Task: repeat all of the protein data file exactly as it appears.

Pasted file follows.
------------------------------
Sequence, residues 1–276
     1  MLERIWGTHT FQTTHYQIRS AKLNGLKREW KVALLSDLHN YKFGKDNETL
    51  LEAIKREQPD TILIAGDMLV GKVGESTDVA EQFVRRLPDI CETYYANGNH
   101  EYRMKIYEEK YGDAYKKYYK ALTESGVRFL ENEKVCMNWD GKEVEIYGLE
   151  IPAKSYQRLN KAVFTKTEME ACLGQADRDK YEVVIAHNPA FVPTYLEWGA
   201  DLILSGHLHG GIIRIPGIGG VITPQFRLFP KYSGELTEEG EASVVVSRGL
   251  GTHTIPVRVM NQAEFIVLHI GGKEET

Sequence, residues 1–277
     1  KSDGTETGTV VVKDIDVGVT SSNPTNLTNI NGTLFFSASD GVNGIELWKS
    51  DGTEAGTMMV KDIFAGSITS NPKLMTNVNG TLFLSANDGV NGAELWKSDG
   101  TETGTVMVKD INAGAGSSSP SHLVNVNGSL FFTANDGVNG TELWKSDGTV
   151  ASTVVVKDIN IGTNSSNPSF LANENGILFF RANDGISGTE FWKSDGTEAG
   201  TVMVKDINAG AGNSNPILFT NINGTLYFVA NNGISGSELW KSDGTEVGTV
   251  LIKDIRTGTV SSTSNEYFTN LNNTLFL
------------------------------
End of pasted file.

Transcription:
Sequence, residues 1–276
     1  MLERIWGTHT FQTTHYQIRS AKLNGLKREW KVALLSDLHN YKFGKDNETL
    51  LEAIKREQPD TILIAGDMLV GKVGESTDVA EQFVRRLPDI CETYYANGNH
   101  EYRMKIYEEK YGDAYKKYYK ALTESGVRFL ENEKVCMNWD GKEVEIYGLE
   151  IPAKSYQRLN KAVFTKTEME ACLGQADRDK YEVVIAHNPA FVPTYLEWGA
   201  DLILSGHLHG GIIRIPGIGG VITPQFRLFP KYSGELTEEG EASVVVSRGL
   251  GTHTIPVRVM NQAEFIVLHI GGKEET

Sequence, residues 1–277
     1  KSDGTETGTV VVKDIDVGVT SSNPTNLTNI NGTLFFSASD GVNGIELWKS
    51  DGTEAGTMMV KDIFAGSITS NPKLMTNVNG TLFLSANDGV NGAELWKSDG
   101  TETGTVMVKD INAGAGSSSP SHLVNVNGSL FFTANDGVNG TELWKSDGTV
   151  ASTVVVKDIN IGTNSSNPSF LANENGILFF RANDGISGTE FWKSDGTEAG
   201  TVMVKDINAG AGNSNPILFT NINGTLYFVA NNGISGSELW KSDGTEVGTV
   251  LIKDIRTGTV SSTSNEYFTN LNNTLFL